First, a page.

Creating Vue.js Transitions & Animations

Avatar of Nicolas Udy
Nicolas Udy on (Updated on )

DigitalOcean provides cloud products for every stage of your journey. Get started with $200 in free credit!

My last two projects hurled me into the JAMstack. SPAs, headless content management, static generation… you name it. More importantly, they gave me the opportunity to learn Vue.js. More than “Build a To-Do App” Vue.js, I got to ship real-life, production-ready Vue apps.

The agency behind Snipcart (Spektrum) wanted to start using decoupled JavaScript frameworks for small to medium sites. Before using them on client projects, however, they chose to experiment on themselves. After a few of my peers had unfruitful experiences with React, I was given the green light to prototype a few apps in Vue. This prototyping morphed into full-blown Vue apps for Spektrum connected to a headless CMS. First, I spent time figuring out how to model and render our data appropriately. Then I dove head first into Vue transformations to apply a much-needed layer of polish on our two projects.

I’ve prepared live demos on CodePen and GitHub repos to go along with this article.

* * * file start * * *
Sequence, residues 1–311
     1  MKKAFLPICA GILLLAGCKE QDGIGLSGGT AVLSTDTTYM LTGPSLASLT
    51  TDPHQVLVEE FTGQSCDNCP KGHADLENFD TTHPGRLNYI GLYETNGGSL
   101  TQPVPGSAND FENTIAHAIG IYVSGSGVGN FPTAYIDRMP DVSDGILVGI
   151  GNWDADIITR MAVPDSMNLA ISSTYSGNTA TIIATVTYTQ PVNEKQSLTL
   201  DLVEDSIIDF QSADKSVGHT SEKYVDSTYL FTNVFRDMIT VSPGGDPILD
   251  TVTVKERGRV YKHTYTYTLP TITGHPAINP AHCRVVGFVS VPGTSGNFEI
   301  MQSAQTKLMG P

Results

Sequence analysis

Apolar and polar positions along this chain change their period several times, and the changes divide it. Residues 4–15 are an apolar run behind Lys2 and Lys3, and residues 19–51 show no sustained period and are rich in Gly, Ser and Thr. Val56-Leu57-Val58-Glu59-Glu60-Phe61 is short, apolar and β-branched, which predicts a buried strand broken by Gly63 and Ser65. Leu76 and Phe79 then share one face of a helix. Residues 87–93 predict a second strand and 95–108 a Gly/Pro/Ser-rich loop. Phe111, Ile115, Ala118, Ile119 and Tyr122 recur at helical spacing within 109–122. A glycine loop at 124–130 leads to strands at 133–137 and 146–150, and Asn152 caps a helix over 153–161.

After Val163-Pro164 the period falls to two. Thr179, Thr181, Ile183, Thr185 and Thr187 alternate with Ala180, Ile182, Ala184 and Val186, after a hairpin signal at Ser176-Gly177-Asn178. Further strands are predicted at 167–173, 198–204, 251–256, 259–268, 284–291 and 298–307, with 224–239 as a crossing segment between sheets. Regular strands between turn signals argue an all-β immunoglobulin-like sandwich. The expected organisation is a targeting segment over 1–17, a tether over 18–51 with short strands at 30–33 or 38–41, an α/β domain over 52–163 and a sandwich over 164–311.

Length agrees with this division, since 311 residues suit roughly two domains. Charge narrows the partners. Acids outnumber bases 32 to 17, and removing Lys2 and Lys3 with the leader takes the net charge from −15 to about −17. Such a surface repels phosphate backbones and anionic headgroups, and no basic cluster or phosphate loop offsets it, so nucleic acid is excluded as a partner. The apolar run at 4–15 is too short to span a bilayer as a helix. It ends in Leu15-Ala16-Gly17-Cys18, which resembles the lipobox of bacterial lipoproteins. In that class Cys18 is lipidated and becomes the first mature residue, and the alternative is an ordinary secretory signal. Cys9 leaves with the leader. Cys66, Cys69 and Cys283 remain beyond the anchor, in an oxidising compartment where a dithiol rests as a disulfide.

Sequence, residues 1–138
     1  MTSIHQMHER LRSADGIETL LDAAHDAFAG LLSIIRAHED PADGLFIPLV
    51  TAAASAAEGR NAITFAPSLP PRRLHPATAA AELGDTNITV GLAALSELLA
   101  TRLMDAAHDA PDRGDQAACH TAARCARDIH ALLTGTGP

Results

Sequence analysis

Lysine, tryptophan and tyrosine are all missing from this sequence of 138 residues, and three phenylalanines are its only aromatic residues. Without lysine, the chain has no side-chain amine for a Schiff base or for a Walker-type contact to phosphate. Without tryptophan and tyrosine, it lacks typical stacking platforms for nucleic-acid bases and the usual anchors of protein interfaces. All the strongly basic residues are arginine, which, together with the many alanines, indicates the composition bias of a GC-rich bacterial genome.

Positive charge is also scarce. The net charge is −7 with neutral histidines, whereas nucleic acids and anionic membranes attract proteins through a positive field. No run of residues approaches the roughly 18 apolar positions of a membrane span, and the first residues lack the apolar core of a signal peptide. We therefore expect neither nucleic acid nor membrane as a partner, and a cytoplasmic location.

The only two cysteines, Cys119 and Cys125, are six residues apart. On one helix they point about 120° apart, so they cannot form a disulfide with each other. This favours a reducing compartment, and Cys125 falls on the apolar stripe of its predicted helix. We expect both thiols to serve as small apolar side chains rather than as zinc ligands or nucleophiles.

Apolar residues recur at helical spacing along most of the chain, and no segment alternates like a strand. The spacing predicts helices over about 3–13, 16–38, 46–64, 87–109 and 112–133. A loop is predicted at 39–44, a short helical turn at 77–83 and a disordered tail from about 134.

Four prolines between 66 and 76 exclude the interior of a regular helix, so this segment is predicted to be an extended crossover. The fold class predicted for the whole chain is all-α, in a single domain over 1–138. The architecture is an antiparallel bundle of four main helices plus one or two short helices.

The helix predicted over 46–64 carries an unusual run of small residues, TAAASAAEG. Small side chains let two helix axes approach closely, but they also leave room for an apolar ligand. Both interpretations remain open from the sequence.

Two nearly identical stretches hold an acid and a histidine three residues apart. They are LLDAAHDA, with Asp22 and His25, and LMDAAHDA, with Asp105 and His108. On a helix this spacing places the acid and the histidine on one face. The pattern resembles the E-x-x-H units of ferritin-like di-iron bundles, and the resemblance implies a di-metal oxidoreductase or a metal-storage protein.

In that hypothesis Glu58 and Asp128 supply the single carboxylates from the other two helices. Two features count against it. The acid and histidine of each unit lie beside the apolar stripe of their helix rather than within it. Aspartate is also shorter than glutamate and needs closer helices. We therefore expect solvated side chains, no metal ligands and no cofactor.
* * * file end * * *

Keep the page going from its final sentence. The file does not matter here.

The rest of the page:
This post digs into Vue.js and the tools it offers with its transition system. It is assumed that you are already comfortable with the basics of Vue.js and CSS transitions. For the sake of brevity and clarity, we won’t get into the “logic” used in the demo.

Handling Vue.js Transitions & Animations

Animations & transitions can bring your site to life and entice users to explore. Animations and transitions are an integral part of UX and UI design. They are, however, easy to get wrong. In complex situations like dealing with lists, they can be nearly impossible to reason about when relying on native JavaScript and CSS. Whenever I ask backend developers why they dislike front end so vehemently, their response is usually somewhere along the lines of “… animations“.

Even for those of us who are drawn to the field by an urge to create intricate micro-interactions and smooth page transitions, it’s not easy work. We often need to rely on CSS for performance reasons, even while working in a mostly JavaScript environment, and that break in the environment can be difficult to manage.

This is where frameworks like Vue.js step in, taking the guess-work and clumsy chains of setTimeout functions out of transitions.

The Difference Between Transitions and Animations

The terms transition and animation are often used interchangeably but are actually different things.